In yet another effort to fill 260 vacancies among state correctional officers, Delaware has reinstituted a $3,000 incentive program for new recruits.
The initiative, first used successfully from 2004 to 2008, is designed to reduce mandatory overtime and employee burnout at short-staffed prisons.
New officers will get $1,500 when they complete the Correctional Employee Initial Training Academy. They will have to wait 18 months to get the second $1,500 installment, however, and won’t get that money if they resign or get terminated during that time, said Jennifer Biddle, bureau chief of administrative services at the Department of Correction.
In addition, the department is offering a $1,000 referral incentive for any existing employee whose candidates are successfully hired. That award is also split into two payments 18 months apart.
The incentive program is being re-launched in advance of another pay increase for new correctional officers that will take effect July 1 and pay them about the same salary for a starting teacher in many Delaware school districts.
New correctional officers will now start at $43,000 a year, up from $40,000 this year and $34,500 two years ago.
DOC Commissioner Perry Phelps said in a written release that he hoped the effort will “increase application submissions and reduce our vacancy rate.”
That rate is currently 14 percent — 260 unfilled jobs out of 1,877 authorized positions, Biddle told WHYY.
Biddle said that when vacancies are high, as they are now, officers on 8 a.m. to 4 p.m. shift could get “frozen” if somebody calls in sick or no one is available to cover that post. “And they are working 16 hours,” Biddle said.
‘Domino effect’ from mass vacancies
Beyond endangering facility security, rampant vacancies also have the potential to close programs and other services, such as visitation, that require guard oversight, she said.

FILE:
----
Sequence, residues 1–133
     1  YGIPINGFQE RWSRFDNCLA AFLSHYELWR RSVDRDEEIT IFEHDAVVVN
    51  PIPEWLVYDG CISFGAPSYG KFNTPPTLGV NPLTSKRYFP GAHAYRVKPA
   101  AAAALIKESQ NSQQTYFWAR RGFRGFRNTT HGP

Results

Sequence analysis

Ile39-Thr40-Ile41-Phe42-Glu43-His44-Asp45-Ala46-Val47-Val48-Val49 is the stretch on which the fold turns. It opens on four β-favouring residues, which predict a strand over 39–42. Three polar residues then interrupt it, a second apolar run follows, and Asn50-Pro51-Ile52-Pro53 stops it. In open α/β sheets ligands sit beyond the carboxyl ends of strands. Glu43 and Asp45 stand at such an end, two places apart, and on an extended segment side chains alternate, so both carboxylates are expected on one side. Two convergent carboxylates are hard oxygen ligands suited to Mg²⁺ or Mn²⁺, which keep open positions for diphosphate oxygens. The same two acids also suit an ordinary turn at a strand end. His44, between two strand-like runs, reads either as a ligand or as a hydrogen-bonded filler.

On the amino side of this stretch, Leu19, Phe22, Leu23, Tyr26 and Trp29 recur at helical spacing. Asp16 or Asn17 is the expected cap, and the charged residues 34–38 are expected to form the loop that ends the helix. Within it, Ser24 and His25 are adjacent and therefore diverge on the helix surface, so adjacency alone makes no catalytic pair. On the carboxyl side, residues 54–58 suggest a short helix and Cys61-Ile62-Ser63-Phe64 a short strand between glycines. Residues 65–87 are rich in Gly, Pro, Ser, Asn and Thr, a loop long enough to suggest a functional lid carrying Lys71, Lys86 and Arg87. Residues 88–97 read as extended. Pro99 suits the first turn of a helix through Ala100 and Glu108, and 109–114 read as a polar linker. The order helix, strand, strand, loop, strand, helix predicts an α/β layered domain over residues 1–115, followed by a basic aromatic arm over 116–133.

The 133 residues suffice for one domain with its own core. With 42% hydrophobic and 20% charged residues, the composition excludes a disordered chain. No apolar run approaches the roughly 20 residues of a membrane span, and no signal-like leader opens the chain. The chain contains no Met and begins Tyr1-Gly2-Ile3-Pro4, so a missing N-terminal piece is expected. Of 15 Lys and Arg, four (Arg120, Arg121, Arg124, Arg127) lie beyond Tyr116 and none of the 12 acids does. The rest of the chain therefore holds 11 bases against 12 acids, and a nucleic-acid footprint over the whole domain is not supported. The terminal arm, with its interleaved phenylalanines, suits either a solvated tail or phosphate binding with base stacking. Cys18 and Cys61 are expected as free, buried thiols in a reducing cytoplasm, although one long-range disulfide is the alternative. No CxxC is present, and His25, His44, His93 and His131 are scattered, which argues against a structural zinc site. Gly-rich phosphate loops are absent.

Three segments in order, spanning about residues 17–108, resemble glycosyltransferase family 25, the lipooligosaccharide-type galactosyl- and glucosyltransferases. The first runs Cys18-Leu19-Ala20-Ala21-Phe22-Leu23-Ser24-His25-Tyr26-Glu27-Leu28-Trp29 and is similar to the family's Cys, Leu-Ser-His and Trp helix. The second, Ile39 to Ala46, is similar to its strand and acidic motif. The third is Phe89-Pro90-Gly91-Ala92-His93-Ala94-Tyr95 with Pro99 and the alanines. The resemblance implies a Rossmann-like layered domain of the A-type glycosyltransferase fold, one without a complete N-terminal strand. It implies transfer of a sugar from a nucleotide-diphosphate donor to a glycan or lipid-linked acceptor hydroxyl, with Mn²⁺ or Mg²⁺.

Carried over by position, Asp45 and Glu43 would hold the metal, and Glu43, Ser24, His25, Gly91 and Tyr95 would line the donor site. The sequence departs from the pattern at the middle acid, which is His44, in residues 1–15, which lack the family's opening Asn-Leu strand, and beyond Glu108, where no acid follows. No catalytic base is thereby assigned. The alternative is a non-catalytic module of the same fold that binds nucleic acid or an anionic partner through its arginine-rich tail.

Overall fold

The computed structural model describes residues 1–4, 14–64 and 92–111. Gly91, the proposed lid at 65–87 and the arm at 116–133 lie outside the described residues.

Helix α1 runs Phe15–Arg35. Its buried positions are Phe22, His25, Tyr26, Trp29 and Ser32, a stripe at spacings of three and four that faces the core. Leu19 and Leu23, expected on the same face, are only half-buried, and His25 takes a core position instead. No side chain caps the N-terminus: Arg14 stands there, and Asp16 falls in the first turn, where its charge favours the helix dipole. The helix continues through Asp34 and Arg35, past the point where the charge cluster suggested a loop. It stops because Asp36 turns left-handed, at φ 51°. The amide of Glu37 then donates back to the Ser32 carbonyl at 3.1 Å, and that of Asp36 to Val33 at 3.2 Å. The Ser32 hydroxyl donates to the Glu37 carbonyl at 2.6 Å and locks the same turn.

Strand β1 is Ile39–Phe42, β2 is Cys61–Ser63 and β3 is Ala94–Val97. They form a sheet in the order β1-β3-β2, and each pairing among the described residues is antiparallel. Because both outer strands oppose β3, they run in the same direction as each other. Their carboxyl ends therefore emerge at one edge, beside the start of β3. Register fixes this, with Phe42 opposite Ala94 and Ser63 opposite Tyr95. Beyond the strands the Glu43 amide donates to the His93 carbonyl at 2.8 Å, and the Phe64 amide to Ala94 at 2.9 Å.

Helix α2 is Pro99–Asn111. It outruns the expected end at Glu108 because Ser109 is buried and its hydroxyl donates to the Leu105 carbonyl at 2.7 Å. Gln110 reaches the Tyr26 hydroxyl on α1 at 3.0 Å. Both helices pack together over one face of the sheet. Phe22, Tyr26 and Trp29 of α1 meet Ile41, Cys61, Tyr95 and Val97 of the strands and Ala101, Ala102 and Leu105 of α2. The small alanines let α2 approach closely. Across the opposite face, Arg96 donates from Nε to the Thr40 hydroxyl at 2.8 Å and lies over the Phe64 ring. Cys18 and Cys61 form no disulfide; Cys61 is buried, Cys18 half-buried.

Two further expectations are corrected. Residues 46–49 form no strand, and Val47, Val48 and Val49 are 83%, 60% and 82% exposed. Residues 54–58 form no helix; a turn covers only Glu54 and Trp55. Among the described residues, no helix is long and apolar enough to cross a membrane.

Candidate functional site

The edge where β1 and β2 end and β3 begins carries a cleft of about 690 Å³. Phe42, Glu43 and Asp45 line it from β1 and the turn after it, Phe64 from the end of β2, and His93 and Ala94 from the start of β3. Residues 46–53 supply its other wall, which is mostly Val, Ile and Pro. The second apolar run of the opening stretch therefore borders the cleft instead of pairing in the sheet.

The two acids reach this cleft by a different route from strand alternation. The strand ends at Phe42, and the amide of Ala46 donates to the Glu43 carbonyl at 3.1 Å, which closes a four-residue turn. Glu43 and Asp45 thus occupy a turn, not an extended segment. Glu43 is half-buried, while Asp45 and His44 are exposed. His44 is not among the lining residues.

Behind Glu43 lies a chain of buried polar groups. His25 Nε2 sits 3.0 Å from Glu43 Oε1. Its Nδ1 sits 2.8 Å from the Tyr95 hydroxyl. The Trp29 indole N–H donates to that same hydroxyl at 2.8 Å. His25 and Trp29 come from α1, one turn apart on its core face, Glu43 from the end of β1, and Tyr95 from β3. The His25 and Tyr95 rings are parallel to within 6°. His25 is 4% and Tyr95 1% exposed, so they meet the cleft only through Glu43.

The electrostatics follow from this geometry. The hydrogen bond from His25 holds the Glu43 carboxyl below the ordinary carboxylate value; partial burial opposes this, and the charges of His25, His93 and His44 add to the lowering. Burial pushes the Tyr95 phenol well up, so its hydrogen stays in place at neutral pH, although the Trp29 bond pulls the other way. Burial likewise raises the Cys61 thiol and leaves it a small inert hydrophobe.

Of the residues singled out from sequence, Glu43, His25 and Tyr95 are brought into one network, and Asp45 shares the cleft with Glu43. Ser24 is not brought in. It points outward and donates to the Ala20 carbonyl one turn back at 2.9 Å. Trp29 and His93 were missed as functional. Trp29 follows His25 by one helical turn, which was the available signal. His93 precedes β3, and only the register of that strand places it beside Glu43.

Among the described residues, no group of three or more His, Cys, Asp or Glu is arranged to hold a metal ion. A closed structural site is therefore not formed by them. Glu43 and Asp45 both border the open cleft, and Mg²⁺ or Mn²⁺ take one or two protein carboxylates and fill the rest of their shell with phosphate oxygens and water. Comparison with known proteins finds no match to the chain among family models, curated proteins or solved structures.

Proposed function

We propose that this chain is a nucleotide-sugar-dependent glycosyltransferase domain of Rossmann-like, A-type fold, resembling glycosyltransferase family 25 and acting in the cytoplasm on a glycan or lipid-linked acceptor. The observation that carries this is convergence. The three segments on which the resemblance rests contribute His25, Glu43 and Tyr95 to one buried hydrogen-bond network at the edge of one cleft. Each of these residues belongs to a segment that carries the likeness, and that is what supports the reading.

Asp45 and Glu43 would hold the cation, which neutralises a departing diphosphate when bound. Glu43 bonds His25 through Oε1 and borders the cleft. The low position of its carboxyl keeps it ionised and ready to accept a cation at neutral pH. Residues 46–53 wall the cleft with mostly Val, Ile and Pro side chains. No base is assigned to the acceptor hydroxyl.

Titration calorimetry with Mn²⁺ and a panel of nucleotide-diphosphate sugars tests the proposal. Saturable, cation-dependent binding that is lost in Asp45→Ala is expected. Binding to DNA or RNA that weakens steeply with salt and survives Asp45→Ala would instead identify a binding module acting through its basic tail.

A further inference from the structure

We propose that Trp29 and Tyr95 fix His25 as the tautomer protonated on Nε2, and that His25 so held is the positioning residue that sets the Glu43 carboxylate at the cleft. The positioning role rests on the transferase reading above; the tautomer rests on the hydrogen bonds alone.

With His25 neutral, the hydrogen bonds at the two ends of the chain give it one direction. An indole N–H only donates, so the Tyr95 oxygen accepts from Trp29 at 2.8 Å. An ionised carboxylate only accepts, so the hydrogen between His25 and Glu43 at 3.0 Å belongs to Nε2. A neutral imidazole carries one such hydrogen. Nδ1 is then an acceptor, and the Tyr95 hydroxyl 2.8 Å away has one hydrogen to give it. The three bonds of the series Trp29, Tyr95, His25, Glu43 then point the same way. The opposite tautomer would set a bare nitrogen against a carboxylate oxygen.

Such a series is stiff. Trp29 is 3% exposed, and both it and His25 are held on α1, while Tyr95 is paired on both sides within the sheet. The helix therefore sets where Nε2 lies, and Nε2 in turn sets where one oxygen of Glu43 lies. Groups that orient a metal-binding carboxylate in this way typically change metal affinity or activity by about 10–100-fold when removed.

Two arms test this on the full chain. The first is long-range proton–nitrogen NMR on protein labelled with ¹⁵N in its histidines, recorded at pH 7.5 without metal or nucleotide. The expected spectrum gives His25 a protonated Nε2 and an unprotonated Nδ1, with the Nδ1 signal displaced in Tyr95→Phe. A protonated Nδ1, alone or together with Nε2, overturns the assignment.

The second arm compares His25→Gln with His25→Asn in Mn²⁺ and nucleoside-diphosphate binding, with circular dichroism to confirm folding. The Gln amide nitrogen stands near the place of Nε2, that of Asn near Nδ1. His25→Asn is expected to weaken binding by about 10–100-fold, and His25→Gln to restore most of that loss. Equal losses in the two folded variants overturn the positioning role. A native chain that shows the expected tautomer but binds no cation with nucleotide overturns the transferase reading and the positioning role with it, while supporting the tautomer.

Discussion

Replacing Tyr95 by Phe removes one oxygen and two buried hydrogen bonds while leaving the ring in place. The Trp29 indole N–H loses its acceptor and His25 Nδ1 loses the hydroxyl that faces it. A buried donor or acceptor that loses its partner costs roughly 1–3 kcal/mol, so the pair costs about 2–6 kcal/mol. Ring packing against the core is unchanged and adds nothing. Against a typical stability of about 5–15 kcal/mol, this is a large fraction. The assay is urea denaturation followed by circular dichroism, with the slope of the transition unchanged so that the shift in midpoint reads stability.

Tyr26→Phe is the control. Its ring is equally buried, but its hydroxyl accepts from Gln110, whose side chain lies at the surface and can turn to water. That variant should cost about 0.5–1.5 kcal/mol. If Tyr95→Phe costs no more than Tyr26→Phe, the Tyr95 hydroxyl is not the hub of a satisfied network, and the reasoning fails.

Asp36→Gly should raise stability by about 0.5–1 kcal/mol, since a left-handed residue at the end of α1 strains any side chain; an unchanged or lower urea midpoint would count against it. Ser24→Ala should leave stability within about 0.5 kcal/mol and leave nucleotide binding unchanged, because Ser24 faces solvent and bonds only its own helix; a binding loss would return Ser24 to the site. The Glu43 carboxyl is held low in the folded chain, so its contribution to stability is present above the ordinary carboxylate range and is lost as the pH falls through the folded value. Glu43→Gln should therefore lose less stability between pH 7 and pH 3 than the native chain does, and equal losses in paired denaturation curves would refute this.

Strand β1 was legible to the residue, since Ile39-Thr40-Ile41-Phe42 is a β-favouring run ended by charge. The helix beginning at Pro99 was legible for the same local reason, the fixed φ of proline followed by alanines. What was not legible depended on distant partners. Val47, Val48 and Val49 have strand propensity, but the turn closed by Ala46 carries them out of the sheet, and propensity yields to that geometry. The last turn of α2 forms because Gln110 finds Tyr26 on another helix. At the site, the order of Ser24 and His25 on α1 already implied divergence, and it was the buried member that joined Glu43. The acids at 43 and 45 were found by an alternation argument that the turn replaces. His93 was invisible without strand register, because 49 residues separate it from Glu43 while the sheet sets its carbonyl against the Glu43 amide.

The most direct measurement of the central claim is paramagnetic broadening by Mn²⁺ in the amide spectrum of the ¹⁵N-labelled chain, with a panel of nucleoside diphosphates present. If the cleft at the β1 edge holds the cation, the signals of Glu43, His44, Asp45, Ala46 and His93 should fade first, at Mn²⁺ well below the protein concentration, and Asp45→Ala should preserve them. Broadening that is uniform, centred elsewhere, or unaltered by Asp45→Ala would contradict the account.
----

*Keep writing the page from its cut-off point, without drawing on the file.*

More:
“So it’s a domino effect with the high vacancy rate,’’ Biddle said. “It leads to stress on officers and their families, and the offenders.”
The DOC spends $800,000 on overtime every two weeks — the highest in Delaware government — according to a May 2017 report by state auditor Tom Wagner.
The bulk of that overtime is for correctional officers, who are responsible for keeping in order in facilities that currently house 7,759 prisoners.
Gov. John Carney has been grappling with how to improve correctional security since a riot at the state prison near Smyrna less than two weeks after he was inaugurated left one guard dead. Sixteen prisoners are now awaiting trial for Lt. Steven Floyd’s alleged murder, and the Carney administration recently settled a lawsuit by Floyd’s family and six other officers held hostage during the siege for $7.5 million.
Carney touted the higher starting salary and incentive program as “critical to the safety of correctional officers and inmates. We’ll remain committed to this effort over the long term, and these new incentives are another positive step in the right direction.”
Geoff Klopp, president of the Correctional Officers Association of Delaware, agreed. “This will make us competitive enough to attract quality applicants and get the needle moving forward on staff issues,” he said.
An independent review into the deadly 20-hour uprising at James T. Vaughn Correctional Center found that staff shortages and burnout among correctional officers were contributing factors.
The DOC is also continuing to work with the officers’ union to study ways to help recruit and retain officers and cut mandatory overtime, officials said.
The department also used the announcement of the incentive program to solicit prospective employees, urging anyone interested to submit an application at www.delawarestatejobs.com.
Biddle said another reason for the hiring and referral incentives is to keep pace with similar efforts in nearby states.
“We’re trying to stay competitive, particularly with the state of Maryland, which is offering a $5,000 signing bonus,’’ she said. “Our applicant pool has decreased over the last several years.”
Klopp said the key is to remain competitive financially not only with prison guard salaries in nearby states, but also with police agencies, especially municipal ones, within Delaware.
“We’ve had this problem for years, losing people, but now we have the problem of not being able to attract people,” he said. “What’s important is now we’re going to be able to attract people. It’s just as important that once we get people we’re able to keep them.”